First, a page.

The genome of the Southern Ocean phytoplankton Fragilariopsis cylindrus differs markedly from the genomes of its more temperate relatives, with divergent alleles being differentially expressed in environmentally specific conditions such as freezing and darkness.
Cell fate perturbations underlie many human diseases, including breast cancer. Unfortunately, the mechanisms by which breast cell fate are regulated are largely unknown. The mammary gland epithelium consists of differentiated luminal epithelial and basal myoepithelial cells, as well as undifferentiated stem cells and more restricted progenitors. Breast cancer originates from this epithelium, but the molecular mechanisms that underlie breast epithelial hierarchy remain ill-defined. Here, we use a high-content confocal image-based short hairpin RNA screen to identify tumour suppressors that regulate breast cell fate in primary human breast epithelial cells. We show that ablation of the large tumour suppressor kinases (LATS) 1 and 2 (refs 5, 6), which are part of the Hippo pathway, promotes the luminal phenotype and increases the number of bipotent and luminal progenitors, the proposed cells-of-origin of most human breast cancers. Mechanistically, we have identified a direct interaction between Hippo and oestrogen receptor-α (ERα) signalling. In the presence of LATS, ERα was targeted for ubiquitination and Ddb1–cullin4-associated-factor 1 (DCAF1)-dependent proteasomal degradation. Absence of LATS stabilized ERα and the Hippo effectors YAP and TAZ (hereafter YAP/TAZ), which together control breast cell fate through intrinsic and paracrine mechanisms. Our findings reveal a non-canonical (that is, YAP/TAZ-independent) effect of LATS in the regulation of human breast cell fate.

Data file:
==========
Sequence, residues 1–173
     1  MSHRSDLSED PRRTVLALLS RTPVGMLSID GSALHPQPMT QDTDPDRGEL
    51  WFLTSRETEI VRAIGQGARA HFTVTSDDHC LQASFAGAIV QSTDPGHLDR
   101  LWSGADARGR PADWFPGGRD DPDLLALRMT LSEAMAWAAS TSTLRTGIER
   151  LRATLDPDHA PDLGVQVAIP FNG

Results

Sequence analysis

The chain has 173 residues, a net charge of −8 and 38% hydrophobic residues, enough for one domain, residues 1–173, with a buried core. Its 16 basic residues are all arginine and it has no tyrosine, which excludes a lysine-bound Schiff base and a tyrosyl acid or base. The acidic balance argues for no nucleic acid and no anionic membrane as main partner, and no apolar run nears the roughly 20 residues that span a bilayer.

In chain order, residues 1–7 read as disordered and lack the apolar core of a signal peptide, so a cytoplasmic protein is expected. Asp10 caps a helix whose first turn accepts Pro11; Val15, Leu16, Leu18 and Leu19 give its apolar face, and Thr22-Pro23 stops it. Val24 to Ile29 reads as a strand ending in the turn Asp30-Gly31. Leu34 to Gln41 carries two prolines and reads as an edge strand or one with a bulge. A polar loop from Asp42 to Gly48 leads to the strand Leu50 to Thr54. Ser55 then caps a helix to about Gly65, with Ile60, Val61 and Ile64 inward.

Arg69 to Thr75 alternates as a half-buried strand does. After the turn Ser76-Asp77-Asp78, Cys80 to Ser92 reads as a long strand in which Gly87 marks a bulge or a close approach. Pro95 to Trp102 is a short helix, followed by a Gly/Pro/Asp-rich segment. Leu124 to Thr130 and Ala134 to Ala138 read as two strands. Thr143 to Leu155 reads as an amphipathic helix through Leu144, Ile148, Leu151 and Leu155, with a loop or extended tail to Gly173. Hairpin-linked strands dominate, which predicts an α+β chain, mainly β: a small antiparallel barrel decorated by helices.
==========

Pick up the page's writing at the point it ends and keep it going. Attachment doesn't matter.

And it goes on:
The structure of the bacterial ribosome stalled on a truncated mRNA in complex with ArfA and the release factor RF2 is presented, revealing how ArfA recruits RF2 to the ribosome and induces conformational changes within RF2 to enable translation termination in the absence of a stop codon.
The structure of the bacterial 70S ribosome in complex with ArfA, the release factor RF2, a short non-stop mRNA and a cognate P-site tRNA is presented, revealing how ArfA and RF2 facilitate alternative translation termination of the non-stop ribosomal complex using a stop-codon surrogate mechanism.
The structure of the bacterial ribosome in complex with the ArfA and the release factor RF2 shows how ArfA recruits RF2 to terminate translation of messenger RNAs that lack a stop codon in the ribosome.